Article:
This Blog Is Now a Book!


This Blog Is Now a Book!

In August 2013, I published the content of my blog in a book – text, pictures, and all! Check it out.


Compare and Contrast

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I’ve been back in the United States for nearly 2 months and I’ve completed 6 full weeks of courses back at Rensselaer. Despite the passage of so much time, I still struggle to truly understand what makes my Danish and American educational experiences so unique.

Upon returning to school, after four full weeks at home, I was inundated with emails, events, training activities, assignments, and meetings, in addition to trying to find time to catch up with friends. After all of my careful planning, my efforts to continue my enjoyment-of-life streak came to a standstill; I’d describe my American college lifestyle as an appropriate reflection of our American way of life: fast-paced, busy, and “on-the-go”.

Academically speaking, it seems like we want to squeeze everything in, whereas Denmark gave me an inspiration to spread everything out. Americans enter college with the preconceived notion that they’ll spend 8 semesters studying courses and then earn a diploma. Toddler sized onesies claim “Harvard Class of 1999” to establish the pace of our educational experiences from an early age. Of course, like with any generalization, there are exceptions, but on the whole, Danes take a much more relaxed approach to completing their education.

In many cases, the Danish students I’ve met only have a rough timeline for completing their school work. Without the pressures of high tuition and unsupported costs of living, gap years are commonplace before or during a Danish university education. In case your memory fades you, I’ll remind you that Danish students are supported by 5,000 DKK (~$800) each month for up to 6 years during their education. This allows freedom to sample several fields before settling on a discipline, as well as time to adequately gain skills for a career.

I’ve been utterly perplexed in juxtaposing my educational experiences from the perspective of knowlege/information, testing, and assignments. Whereas I completed an oral exam, 2 midterm exams, 1 midterm project, 2 midterm reports, and 3 final exams for my 4 courses in Denmark, in the first six weeks back home, I’ve submitted 3 written exams, 4 design projects, 10 quizzes, and roughly 20 homework assignments. In addition to the absence of breaks during lectures (the 1 minute when my Modeling & Control professor continues writing notes does not count), the information push of my engineering courses can be overwhelming to the degree that I question the effectiveness. Lately, a major question for me has been, “do students actually KNOW what they are LEARNING, or is an education simply more blasts of information for our Internet-saturated generation?”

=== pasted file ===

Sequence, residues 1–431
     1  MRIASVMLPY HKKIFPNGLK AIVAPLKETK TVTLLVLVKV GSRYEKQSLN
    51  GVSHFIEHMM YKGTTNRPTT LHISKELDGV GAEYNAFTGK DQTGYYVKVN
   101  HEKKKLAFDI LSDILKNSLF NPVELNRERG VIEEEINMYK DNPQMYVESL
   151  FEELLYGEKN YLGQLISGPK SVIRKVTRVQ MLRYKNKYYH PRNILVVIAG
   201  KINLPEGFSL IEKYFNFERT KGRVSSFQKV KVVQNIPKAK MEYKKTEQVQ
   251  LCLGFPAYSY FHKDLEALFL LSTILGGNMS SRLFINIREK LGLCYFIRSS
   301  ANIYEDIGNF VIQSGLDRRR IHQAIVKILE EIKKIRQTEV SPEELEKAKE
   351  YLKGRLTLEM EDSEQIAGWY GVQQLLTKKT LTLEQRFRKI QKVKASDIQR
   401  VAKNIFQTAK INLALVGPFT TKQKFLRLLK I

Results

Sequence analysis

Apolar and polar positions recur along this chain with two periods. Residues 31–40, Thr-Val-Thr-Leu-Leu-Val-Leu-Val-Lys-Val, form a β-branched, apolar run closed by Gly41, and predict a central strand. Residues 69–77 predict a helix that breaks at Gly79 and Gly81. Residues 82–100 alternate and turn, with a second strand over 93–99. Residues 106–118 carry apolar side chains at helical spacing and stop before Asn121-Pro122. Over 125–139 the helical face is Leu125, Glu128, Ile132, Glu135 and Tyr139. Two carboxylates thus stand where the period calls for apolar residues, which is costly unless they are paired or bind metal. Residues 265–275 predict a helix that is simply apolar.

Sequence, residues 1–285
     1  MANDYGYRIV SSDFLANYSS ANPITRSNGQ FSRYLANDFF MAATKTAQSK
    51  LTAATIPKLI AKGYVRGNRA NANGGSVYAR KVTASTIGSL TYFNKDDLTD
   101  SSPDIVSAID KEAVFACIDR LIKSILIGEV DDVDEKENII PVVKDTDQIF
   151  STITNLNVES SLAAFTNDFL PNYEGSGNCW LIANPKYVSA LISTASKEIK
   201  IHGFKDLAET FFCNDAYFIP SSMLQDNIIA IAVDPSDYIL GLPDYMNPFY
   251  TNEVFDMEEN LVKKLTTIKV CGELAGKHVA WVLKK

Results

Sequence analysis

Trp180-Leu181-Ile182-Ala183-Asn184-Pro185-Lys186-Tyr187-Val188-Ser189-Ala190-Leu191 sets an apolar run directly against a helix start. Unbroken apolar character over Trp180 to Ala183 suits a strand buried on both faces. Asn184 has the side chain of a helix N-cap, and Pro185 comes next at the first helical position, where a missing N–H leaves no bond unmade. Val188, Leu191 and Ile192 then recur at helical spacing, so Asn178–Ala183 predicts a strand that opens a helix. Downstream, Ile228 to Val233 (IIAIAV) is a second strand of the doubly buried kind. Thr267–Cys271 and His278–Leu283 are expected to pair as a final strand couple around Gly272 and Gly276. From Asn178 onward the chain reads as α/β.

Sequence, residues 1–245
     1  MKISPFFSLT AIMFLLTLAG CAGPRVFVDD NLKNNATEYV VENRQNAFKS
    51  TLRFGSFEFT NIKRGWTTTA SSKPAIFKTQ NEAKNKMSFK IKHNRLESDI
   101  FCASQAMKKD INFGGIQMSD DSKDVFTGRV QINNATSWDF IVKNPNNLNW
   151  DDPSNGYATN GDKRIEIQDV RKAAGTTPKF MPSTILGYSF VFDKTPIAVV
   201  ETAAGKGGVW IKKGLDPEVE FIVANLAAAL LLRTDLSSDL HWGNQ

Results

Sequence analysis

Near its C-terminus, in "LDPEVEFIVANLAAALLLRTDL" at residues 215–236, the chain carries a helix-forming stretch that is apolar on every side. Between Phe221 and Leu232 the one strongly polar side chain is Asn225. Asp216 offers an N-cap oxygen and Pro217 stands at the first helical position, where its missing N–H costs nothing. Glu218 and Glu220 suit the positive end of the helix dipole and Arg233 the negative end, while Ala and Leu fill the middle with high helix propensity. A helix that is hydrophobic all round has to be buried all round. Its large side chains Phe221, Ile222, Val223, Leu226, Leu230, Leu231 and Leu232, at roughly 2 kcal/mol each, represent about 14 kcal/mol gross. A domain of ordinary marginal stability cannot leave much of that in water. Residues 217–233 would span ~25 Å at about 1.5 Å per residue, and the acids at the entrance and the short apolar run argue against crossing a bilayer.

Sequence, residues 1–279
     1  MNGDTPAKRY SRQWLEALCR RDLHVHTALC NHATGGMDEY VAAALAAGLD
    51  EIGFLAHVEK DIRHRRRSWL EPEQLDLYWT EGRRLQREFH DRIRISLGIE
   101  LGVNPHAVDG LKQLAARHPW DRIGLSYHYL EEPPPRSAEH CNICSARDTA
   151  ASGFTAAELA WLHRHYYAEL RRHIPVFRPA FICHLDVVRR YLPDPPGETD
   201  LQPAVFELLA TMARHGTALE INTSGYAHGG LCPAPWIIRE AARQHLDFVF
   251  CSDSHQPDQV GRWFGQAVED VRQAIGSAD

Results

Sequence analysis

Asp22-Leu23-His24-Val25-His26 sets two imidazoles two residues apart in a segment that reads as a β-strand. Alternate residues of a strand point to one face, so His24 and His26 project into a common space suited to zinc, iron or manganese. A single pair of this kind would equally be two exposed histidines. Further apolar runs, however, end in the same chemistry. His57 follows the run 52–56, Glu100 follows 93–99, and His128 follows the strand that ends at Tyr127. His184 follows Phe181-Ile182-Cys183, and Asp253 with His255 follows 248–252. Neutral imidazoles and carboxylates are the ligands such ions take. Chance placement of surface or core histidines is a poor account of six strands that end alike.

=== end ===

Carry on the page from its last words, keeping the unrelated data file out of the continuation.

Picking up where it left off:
Perhaps it’s clear by now that I’ve developed some thoughts based on my educational experiences. I’m actually beginning to analyze the effectiveness of STEM (Science, Technology, Engineering, Math) curricula for one of my courses in order to provide advice for developing graduates who are more qualified to work in the professional world. With time, I’m sure more ideas will come, but for now, I’m left wondering why we teach and attempt to learn the way we do.

Earlier I suggested that our learning styles are a reflection of our social pace, and I’d like to support that idea with some more examples. On your lunch break, is it your priority to enjoy your lunch, or to get ready to be somewhere else? When you see someone and ask “how are you?,” how long and hard do you listen for your friends to confide in you? (Our tendency to blindly ask about and ignore our friends’ feelings drives the Danes crazy!) At the grocery store, do you dart your eyes along the shelves searching for familiar items, or stroll down the aisles contemplating ingredients for a new recipe and opening your taste buds to new foods? And in the morning, when you wake up, is there anything more important than your decision to make today one of the happiest and most enjoyable days of your life?

For me, I’ve come to realize that “stopping to smell the flowers” implies a speedy trip past the garden of life; however, when you create a habit of building these flowers into your routine, you’ll build a connection with a small country in the North Sea, and in return, meet the happiest people in the world and a handful of friends to last a lifetime.